Numeracy is a life skill. Being numerate goes
beyond simply 'doing sums'; it means having the
confidence and competence to use numbers and
think mathematically in everyday life…

What is numeracy?

Here we look at our definition of what is Numeracy – below – and at Why Numeracy is Important?, Numeracy and Maths, Numeracy in Schools and Numeracy for Adults

Our definition of Numeracy

Numeracy means many different things to different people.

Some see numeracy as the foundation of mathematics, the concepts learnt in school and necessary for understanding more advanced mathematics, such as quadratic equations, statistical analysis and calculus.

Some see numeracy purely as the ability to perform simple number calculations - a subset therefore of wider mathematics.

Others define numeracy in terms of its purpose or its function: numeracy skills are those you need to do a job (for example, using spreadsheets, calculating invoices) or to be an engaged citizen (for example, making sense of statistics reported in the media).

For our master-definition for what is numeracy, we choose the international description of mathematical literacy:

“Mathematical literacy is an individual’s capacity to identify and understand the role that mathematics plays in the world, to make well-founded judgements and to use and engage with mathematics in ways that meet the needs of that individual’s life as a constructive, concerned and reflective citizen”. (PISA)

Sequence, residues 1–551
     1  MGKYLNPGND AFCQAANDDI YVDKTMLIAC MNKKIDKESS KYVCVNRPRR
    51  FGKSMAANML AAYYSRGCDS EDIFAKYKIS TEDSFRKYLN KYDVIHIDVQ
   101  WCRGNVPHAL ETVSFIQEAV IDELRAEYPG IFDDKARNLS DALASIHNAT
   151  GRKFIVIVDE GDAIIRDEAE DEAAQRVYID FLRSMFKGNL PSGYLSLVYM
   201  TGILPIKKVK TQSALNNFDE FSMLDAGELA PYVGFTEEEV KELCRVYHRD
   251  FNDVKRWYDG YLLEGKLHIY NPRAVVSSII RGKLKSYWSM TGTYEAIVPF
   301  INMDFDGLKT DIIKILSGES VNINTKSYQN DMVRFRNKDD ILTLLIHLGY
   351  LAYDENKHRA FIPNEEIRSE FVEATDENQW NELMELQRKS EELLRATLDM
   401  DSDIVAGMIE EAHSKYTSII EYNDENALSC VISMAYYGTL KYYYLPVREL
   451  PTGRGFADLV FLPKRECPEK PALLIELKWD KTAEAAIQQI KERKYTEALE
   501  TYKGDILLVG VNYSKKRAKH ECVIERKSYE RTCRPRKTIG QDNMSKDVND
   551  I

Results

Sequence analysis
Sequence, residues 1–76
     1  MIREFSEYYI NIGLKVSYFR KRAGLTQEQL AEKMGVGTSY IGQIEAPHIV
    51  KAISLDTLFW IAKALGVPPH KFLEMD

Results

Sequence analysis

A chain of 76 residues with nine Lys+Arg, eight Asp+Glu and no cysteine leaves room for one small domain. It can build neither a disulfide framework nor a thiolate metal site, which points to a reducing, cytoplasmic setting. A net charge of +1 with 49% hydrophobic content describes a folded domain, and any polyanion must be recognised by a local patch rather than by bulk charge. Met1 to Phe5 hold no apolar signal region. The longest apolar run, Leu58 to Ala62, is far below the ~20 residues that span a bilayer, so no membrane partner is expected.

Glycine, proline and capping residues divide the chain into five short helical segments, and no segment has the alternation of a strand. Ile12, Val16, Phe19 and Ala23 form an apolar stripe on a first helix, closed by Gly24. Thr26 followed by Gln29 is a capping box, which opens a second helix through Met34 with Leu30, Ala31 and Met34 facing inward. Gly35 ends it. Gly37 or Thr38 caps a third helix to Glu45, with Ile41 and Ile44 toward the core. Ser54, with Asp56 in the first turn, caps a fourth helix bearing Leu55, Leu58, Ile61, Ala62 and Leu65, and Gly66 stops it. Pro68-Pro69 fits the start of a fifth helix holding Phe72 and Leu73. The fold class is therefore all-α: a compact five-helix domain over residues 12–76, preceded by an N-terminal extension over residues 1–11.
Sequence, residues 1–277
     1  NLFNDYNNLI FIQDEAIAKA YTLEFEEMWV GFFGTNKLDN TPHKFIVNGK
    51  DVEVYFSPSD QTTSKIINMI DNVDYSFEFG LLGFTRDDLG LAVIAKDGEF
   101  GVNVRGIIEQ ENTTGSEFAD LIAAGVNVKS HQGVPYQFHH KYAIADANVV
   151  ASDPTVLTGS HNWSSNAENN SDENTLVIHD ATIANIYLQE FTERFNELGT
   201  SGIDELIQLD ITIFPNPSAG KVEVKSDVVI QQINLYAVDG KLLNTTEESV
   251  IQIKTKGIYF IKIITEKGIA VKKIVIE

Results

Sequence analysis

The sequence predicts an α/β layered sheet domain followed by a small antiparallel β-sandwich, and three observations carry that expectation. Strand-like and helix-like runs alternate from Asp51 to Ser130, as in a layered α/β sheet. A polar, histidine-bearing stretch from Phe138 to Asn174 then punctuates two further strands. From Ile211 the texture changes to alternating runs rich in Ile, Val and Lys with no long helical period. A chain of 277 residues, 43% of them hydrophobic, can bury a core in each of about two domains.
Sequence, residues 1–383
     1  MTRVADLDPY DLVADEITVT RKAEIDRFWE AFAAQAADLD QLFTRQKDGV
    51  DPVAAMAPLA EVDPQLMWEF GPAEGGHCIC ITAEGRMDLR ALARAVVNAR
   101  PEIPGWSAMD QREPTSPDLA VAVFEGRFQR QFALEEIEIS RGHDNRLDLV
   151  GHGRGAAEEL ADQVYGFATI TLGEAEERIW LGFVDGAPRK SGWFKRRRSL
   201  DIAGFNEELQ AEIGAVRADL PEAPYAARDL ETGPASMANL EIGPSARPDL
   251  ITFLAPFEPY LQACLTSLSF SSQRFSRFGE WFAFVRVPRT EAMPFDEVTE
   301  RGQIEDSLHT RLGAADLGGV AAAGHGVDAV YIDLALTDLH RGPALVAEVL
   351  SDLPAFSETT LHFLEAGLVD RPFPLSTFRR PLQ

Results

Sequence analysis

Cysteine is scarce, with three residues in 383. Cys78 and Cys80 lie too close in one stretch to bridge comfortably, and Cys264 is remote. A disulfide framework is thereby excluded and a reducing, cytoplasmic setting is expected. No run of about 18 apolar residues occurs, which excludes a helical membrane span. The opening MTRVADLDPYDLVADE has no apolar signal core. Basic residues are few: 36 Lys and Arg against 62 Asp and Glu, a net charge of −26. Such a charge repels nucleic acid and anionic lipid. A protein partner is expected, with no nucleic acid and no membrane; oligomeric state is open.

This definition allows us to focus on tackling very poor numeracy skills and on improving life outcomes for many people. It implies the essential skills needed for solving problems, processing information, making decisions and interpreting data. Being numerate is about appreciating number relationships and interpreting answers, and not just about doing calculations.

We also mention ‘mathematics’ sometimes. Although our focus is on numeracy, we see mathematical thinking as a particularly important part of numeracy – we discuss this more here: Numeracy and Maths.

So here are some examples of what we mean by numeracy:

  • being able to critically assess statistics used by advertisers or politicians

  • being able to manage family budgets – credit cards, offers at supermarkets and so on

  • being able to estimate – in all kinds of situations, e.g. journey speed, time and distance, roughly how much a bill will be or your expected bank balance at the end of the month...

You may be interested in this…

Why is numeracy important

Why numeracy is important

Less obvious than literacy but at least as significant financial and social impact.

Mathmatical journey

Essentials of numeracy

An overview of the key elements in the mathematical journey that everyone needs to take from early number understanding to a level of numeracy that is right for you.

Share this on: